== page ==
I told Tyas I am willing to help asking for donation, in exchange of a guarantee that Chiko will be adopted and given permanent home, is made into a full indoor cat, and is given good quality, healthy food, for as long as she lives.

Chiko hangs out Josie’s house more, but knowing that her neighbor won’t care too much, Ratna decided she will take over Chiko and turn her into a house cat; her cat.

The post went out on Saturday, a quiet day; but people come pledging and the USD 200 that was needed for the surgery (and a little bit more) turned into USD 250 within half an hour, most likely more if I didn’t stop the campaign.

Never happened in our history we get USD donation in less than half an hour. I envy Chiko somewhat; she gets the money that I also desperately need, in less time, with less the effort, but in term of desperate, her situation is a lot more grave than mine.

Her plea humbled me. It’s a gentle reminder from Heaven that I should look down below and not up all the time.

Chiko went to surgery, the vet ended up having to cut four big, nasty tumors and cleaned up the surrounding areas, which mean cut all nipples and completely remove her mammary gland. She will not be able to nurse anymore, hence while cutting her open, the vet also perform ovario- hysterectomy.

If she is sterilized, Chilo won’t go on heat, she won’t get pregnant, and she won’t need to nurse. She shouldn’t.



Don’t ask me about PicMix and how a vet still has time to use the app when he was on surgery; though I am very glad the vet decided to use a dark frame on the picture. Otherwise someone might have fainted.


Since Ratna has limited knowledge about caring for a cat, Chiko stayed in the clinic until she completely recovered and we paid to have her put on surveillance round the clock. Meanwhile Tyas has to make a long distance call and check with the vet regularly.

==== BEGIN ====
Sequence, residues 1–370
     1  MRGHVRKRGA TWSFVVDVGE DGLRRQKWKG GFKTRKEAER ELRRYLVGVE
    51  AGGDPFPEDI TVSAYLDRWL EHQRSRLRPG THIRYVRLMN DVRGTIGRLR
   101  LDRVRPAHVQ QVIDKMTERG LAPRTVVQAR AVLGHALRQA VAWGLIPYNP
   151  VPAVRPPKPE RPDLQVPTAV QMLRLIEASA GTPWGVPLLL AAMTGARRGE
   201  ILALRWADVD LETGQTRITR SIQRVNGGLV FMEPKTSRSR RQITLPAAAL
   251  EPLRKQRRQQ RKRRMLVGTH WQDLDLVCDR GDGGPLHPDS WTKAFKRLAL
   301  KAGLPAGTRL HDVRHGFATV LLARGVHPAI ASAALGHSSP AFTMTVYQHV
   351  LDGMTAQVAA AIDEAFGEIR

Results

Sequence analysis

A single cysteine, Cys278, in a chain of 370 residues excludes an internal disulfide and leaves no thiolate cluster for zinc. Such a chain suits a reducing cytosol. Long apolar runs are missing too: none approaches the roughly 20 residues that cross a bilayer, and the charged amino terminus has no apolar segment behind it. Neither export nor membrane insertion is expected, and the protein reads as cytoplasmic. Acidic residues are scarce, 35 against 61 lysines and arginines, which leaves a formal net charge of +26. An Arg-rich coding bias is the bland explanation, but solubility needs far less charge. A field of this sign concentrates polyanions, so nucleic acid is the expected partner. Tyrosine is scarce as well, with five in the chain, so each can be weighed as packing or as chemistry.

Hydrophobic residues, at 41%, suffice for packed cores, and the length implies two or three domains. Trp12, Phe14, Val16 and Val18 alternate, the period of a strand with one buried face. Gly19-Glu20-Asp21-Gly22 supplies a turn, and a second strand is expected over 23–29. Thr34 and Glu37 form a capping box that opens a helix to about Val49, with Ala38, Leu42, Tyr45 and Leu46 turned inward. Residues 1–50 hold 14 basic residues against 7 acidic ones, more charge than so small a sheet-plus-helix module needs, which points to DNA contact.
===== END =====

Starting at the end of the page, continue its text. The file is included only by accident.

The first week, Chiko fared exquisitely. She has a healthy appetite, she takes her medicine without plenty of fuss, and she loves salmon.




We have Dachshund, the hot dog; we also have sausage cat. Chiko walks around the clinic a few days after the surgery.

A few days before I transferred the remaining donation, however, the vet noticed that she has liquid accumulating in her now (rather) empty abdomen. She is not allowed to go home per schedule, and instead, scheduled for a second surgery.

I do realize that with malignant tumor, it can spread, and that there will not be guarantee it won’t come back even after complete removal. In the other side, we know we should have expected it. Twelve years living on the street, exposed to the harshness of uncaring environment, eating who-knows-what, breeding excessively.

Even so, the fact that Chiko has to withstand the second surgery upset me and everyone else.

We can only pray, while thanking God the vet realize the situation very early and so we have better chance.

Chiko has to stay in the clinic, with drainage pipe intact, a cone, and a very bad mood.


We’re sorry for her, but we’re not sorry she retains her healthy appetite.


We do what we can. We give her the best food, the best care, best everything. The last one million Rupiah that was supposed to be for her food, is used for her second surgery, and we have to spend more for the food, but none of Tyas or I complained about it. Chiko has been through enough, and if we have to stretch just a little bit more to get her to better life, after twelve years on the street and two bout of surgeries, we’ll get her there.

One week later, Ratna herself posted on The Whiskers’ Syndicate page:


Ratna cannot speak English, so her message was very short, but it beats any best seller books in universe:

“Welcome, Chiko.”

~ Josie



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Josie And The Whiskers' Syndicate

The first and only cat refuge in Bandung (West Java - Indonesia) a capital breeder of a nation without animal welfare law. We care for Bandung's unwanted animals, operate a TNR as much as our budget allows, and continue to educate people about compassion to animals